My mother likes to tell a story about the time a colleague brought his son to work and introduced her as his boss, to which the child scrunched up his face and said, “Eta kono boss holo? Boss toh chhele hoi.” His assumption that bosses can only be men was probably formed by the images and stories that he had grown up with. Children understand and project gender roles through the role-models they are exposed to through media and books. The stories and examples we present them with, go on to manifest themselves throughout their entire lives. Planting the seed of mutual understanding and respect, ideally starts immediately, with story-time and discourse. It is up to us adult parents, siblings, teachers and friends to start rethinking how we teach and talk about history.
While there have always been female leaders and innovators, their contributions are often missing from the pages of our history books. Instead, they largely feature heroic men making discoveries, conquering new lands, winning wars, defeating marauding armies, and building civilisations. Socrates, Romulus, Alexander, Caesar, Akbar, Shahjahan, Gandhi, Jinnah, Mujib. This exclusion of women gives the impression that it is mostly men who make history, while women are bystanders. Such narratives, fed to us at different times of our lives, perpetuate sexist stereotypes and shape our perceptions of women and gender roles in society.
In all the lectures my father has given me about colonised India and Partition, he has waxed lyrical about Netaji Subhash Chandra Bose, about Jinnah and Gandhi. But his lectures missed women like Kamini Roy, who led the struggle for women’s suffrage in India, or the revolutionary Lila Nag, who set up the first women’s self-defence training initiative when partition violence targeted women and went on to play a major role in drafting the Indian Constitution.
In the playground, I was easily beaten at the “boys vs girls” debates, where my rowd opponents were able to name scientists, athletes and kings to prove their point and all I could come up with was Joan of Arc. I would have had some rebuttal ammunition if I had known about Nawab Begum Faizunnesa Choudhurani, the first female nawab, who built roads, established schools for girls, and patronised newspapers. I might have even won if I knew about engineers, Dora Rahman, Monowara and Shirin Sultana who fought and won a case in 1964 allowing women to study engineering at BUET.
In the classroom, we read the works of Rabindranath Tagore and Kazi Nazrul Islam and simultaneously learned about their lives. I knew that Tagore was one of thirteen children and had won the Nobel Prize in Literature. That Nazrul, our rebel poet, was called Dukhu Mia as a child and fought in the British Army. On the other hand, while I could regurgitate Chhoton ghumai, likhechhen Sufia Kamal, I had no idea about her life, who she was, or her role in the creation of Bangladesh.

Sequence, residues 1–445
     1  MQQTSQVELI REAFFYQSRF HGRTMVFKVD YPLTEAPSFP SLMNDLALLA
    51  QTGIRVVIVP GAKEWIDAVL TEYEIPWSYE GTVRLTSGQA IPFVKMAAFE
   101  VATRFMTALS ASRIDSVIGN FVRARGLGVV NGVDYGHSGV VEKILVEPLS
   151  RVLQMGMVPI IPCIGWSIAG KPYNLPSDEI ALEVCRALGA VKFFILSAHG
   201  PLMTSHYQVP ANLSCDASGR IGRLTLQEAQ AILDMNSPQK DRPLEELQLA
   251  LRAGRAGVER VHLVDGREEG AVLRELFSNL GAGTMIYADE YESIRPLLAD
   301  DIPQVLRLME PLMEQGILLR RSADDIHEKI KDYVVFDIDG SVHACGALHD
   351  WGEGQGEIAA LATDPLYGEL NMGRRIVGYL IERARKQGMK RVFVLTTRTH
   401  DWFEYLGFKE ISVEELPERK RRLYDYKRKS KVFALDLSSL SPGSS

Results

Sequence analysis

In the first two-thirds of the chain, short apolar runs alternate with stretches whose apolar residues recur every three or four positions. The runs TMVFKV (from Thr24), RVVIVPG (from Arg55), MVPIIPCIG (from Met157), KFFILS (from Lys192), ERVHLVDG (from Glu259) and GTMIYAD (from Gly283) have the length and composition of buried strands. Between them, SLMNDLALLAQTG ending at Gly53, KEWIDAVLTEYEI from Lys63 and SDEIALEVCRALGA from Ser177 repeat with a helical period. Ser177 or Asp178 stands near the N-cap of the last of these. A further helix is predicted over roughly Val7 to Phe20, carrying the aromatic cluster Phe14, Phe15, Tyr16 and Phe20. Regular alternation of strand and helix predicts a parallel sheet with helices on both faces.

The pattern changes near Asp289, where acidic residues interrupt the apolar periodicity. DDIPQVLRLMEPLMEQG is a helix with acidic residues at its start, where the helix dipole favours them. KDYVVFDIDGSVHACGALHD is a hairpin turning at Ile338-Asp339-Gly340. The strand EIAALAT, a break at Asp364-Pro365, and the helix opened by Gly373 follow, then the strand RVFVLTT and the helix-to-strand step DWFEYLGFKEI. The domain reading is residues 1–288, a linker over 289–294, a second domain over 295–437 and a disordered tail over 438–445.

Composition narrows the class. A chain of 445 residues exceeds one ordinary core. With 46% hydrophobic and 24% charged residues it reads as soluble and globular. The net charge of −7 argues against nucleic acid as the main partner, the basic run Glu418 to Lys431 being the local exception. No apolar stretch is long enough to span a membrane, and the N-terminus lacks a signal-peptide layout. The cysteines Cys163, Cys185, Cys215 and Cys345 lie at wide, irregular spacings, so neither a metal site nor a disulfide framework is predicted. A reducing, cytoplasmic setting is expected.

In college, when I first started to learn about feminist movements, I read the works of Mary Wollstonecraft and idolised Virginia Woolf, but was yet to discover Rokeya Sakhawat Hossain whose fearless Abarodhbasini critiqued the purdah system and the satirical Sultana’s Dream, one of the first works of feminist science fiction, imagined a world where the roles of men and women were reversed.
In photography courses I studied portraits taken by Nasir Ali Mamun but not of Bangladesh’s first female photojournalist, Syeda Khanam who documented important events from the Liberation War, worked with Satyajit Ray and photographed famous personalities including Neil Armstrong and Queen Elizabeth, and was already enraging Muslim fundamentalists through her portrayal of women in the Shaptahik Begum.
These are just a few examples, but despite the impact borne by these women, their stories of struggle, resilience and victory have been largely absent from narratives in the media and in education. We have a rich history of audacious, defiant women who remained strong in the face of social ostracism and violence. Their life and work challenged existing gender norms and inspired future generations of activists and changemakers. These women realised that real change would not take place without the equal participation of women and so created organisations, mobilised and armed themselves with the skills and knowledge to fight for their economic and intellectual independence. We now have a responsibility to tell their stories.
In this age of the internet and boundless information, it is no excuse to blame our lack of knowledge on what was taught or not at school. Google their names, talk to your friends, children, cousins, siblings about them around the dinner-table, read books about them and by them. If you are in the education sector then include them in history and social science projects. Showcasing strong female role models can pave the way for girls to aspire to do anything and for boys to be more open minded about gender roles. The fight for equality can often seem daunting and impossible, but through this small but significant way, we can inspire future generations to build a safer, more egalitarian society.
Shaveena Anam works at HerStory Foundation and is co-editor of the blog, Taramon.